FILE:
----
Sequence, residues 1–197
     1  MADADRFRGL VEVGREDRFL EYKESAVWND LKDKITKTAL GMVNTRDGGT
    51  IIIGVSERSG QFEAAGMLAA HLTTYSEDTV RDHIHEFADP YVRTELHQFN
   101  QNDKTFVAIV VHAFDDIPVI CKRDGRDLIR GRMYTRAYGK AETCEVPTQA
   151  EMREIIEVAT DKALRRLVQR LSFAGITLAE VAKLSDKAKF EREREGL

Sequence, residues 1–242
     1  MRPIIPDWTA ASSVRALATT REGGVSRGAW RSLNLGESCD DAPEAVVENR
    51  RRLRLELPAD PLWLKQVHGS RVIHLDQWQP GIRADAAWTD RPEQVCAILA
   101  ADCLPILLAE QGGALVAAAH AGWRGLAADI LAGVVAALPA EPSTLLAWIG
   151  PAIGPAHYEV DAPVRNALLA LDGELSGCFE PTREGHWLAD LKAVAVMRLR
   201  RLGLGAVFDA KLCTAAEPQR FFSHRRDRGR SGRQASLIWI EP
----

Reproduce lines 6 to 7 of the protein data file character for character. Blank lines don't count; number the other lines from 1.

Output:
Sequence, residues 1–242
     1  MRPIIPDWTA ASSVRALATT REGGVSRGAW RSLNLGESCD DAPEAVVENR